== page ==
Topics Covered: Conservation related issues.
Cheetah reintroduction project
What to study?
For Prelims and Mains: Cheetah reintroduction project and its significance, challenges therein.
Context: The Supreme Court has allowed the Centre to introduce the African cheetah to a suitable habitat in India.
The National Tiger Conservation Authority (NTCA) had previously told the Supreme Court that African cheetahs would be translocated in India from Namibia and would be kept at Nauradehi wildlife sanctuary in Madhya Pradesh.
International Union for Conservation of Nature (IUCN) has given a ‘no objection’ for the translocation.
What is reintroduction and why reintroduce Cheetah now?
‘Reintroduction’ of a species means releasing it in an area where it is capable of surviving.
Reintroductions of large carnivores have increasingly been recognised as a strategy to conserve threatened species and restore ecosystem functions.
- The cheetah is the only large carnivore that has been extirpated, mainly by over-hunting in India in historical times.
- India now has the economic ability to consider restoring its lost natural heritage for ethical as well as ecological reasons.
- The cheetah, Acinonyx jubatus, is one of the oldest of the big cat species, with ancestors that can be traced back more than five million years to the Miocene era.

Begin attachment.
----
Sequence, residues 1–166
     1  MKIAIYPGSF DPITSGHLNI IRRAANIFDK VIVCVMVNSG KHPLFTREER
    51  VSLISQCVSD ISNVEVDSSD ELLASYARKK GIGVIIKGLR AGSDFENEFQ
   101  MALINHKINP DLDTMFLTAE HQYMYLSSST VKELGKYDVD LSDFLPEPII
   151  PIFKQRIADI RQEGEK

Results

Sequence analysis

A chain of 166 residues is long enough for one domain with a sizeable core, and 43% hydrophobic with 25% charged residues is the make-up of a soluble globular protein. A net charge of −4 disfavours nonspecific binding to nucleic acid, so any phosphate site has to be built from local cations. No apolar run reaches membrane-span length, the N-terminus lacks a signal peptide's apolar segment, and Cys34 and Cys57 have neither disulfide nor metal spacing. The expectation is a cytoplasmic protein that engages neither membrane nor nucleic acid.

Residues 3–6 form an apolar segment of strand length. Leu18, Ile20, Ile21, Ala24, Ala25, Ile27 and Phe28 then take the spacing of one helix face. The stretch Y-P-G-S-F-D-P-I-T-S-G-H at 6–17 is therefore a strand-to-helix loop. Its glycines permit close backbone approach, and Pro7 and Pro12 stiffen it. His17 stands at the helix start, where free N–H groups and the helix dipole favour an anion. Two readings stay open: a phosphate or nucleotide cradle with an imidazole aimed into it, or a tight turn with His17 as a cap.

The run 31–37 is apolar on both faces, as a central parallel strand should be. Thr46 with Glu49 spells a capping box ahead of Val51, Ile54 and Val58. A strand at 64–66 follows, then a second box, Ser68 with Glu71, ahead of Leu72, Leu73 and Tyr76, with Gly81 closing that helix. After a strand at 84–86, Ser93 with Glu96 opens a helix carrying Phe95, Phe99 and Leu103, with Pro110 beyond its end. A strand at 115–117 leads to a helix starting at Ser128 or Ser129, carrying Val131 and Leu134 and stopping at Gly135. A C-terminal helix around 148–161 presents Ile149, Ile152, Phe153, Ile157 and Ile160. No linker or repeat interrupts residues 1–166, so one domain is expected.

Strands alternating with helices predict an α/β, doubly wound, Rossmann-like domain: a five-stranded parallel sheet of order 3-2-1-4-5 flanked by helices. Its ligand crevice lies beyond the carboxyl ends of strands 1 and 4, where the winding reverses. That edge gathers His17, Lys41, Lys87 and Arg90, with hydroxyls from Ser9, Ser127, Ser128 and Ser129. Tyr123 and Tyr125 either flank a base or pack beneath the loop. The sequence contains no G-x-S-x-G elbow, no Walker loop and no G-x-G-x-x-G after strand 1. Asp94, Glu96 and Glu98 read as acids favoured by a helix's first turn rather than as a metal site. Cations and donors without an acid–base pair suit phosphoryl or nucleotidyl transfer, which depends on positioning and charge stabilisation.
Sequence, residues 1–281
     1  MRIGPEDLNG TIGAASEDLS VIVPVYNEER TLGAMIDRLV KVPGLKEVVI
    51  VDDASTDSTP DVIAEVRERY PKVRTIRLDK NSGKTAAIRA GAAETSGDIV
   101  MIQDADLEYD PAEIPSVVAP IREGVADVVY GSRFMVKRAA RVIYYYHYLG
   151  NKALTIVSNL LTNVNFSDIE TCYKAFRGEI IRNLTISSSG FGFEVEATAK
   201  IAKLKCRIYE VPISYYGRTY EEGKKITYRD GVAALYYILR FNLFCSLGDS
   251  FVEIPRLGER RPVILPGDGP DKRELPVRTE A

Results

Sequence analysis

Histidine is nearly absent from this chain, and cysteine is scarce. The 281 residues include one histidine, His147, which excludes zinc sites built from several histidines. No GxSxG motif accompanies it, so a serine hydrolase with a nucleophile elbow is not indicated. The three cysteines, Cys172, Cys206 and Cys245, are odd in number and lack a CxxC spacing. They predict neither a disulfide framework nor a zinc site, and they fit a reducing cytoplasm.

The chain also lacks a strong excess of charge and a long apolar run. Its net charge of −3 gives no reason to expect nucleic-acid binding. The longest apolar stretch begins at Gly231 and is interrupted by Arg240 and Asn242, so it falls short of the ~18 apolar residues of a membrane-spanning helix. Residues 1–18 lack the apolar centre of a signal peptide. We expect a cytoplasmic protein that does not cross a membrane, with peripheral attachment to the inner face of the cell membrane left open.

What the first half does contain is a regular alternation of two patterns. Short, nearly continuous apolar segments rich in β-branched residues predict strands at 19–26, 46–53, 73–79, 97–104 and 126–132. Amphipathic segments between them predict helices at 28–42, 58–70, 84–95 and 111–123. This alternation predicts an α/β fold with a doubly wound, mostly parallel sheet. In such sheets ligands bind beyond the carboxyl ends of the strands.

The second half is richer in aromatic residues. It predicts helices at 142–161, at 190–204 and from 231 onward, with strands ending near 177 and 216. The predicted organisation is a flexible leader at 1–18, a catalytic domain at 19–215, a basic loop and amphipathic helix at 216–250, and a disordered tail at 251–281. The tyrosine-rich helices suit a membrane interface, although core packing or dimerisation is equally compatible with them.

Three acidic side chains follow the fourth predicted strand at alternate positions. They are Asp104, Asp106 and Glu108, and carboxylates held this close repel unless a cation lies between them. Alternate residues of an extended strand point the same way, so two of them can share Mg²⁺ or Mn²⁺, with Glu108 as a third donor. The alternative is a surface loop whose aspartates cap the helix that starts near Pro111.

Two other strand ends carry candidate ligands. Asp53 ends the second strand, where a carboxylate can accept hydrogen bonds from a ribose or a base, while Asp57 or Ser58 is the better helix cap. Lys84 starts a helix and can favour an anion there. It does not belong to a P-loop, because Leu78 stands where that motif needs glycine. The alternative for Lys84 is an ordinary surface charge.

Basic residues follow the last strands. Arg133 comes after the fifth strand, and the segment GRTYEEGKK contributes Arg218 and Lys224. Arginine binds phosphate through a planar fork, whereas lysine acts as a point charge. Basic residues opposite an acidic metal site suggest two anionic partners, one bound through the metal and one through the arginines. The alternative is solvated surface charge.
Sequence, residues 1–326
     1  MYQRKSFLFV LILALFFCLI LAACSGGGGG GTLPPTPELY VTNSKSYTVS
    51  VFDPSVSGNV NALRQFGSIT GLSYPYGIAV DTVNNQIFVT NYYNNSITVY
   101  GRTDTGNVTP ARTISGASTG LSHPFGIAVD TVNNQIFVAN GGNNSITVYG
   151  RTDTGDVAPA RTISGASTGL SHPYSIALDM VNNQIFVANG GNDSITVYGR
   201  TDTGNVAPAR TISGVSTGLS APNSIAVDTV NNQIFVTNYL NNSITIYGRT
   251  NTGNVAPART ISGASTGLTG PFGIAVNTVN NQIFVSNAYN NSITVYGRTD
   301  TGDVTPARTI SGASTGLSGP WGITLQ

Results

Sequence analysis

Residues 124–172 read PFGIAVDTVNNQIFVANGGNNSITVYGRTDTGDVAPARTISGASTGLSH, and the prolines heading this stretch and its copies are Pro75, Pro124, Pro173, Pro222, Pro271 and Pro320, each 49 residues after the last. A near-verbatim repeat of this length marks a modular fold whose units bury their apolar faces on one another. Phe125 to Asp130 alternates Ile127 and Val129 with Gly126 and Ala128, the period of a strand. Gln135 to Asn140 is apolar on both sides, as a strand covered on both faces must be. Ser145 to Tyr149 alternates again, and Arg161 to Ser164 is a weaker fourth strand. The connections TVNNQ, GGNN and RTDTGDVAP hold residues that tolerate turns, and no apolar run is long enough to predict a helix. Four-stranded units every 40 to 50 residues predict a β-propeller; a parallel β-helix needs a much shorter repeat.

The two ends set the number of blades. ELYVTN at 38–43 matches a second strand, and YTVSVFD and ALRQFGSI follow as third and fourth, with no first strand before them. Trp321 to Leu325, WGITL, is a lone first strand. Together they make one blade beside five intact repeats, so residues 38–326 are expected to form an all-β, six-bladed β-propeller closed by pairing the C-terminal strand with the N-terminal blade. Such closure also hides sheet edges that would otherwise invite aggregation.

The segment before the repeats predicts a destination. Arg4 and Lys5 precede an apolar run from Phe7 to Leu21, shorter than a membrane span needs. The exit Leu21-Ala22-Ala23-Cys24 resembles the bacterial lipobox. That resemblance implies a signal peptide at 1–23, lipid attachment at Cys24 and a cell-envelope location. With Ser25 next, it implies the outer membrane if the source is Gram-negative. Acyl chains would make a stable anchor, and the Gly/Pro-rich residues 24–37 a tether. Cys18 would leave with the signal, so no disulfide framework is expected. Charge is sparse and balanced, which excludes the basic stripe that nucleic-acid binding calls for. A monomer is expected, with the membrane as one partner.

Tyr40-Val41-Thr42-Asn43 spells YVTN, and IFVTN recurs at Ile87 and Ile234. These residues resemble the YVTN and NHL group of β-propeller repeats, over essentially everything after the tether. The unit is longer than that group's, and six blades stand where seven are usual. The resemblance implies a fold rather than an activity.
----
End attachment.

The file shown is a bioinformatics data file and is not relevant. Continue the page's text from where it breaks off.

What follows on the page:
- The cheetah is also the world’s fastest land mammal.
- It is listed as vulnerable in IUCN red listed species.
- The country’s last spotted feline died in Chhattisgarh in 1947. Later, the cheetah — which is the fastest land animal — was declared extinct in India in 1952.
- The Asiatic cheetah is classified as a “critically endangered” species by the IUCN Red List, and is believed to survive only in Iran.
Cheetah reintroduction programme in India:
The Wildlife Institute of India at Dehradun had prepared a ₹260-crore cheetah re-introduction project seven years ago.
Nauradehi in Madhya Pradesh was found to be the most suitable area for the cheetahs as its forests are not very dense to restrict the fast movement of the spotted cat. Besides, the prey base for cheetahs is also in abundance at the sanctuary.
Reasons for extinction:
- The reasons for extinction can all be traced to man’s interference. Problems like human-wildlife conflict, loss of habitat and loss of prey, and illegal trafficking, have decimated their numbers.
- The advent of climate change and growing human populations have only made these problems worse.
- With less available land for wildlife, species that require vast home range like the cheetah are placed in competition with other animals and humans, all fighting over less space.
The National Tiger Conservation Authority is a statutory body under the Ministry of Environment, Forests and Climate Change.
It was constituted under enabling provisions of the Wildlife (Protection) Act, 1972, as amended in 2006, for strengthening tiger conservation.
Sources: Indian Express.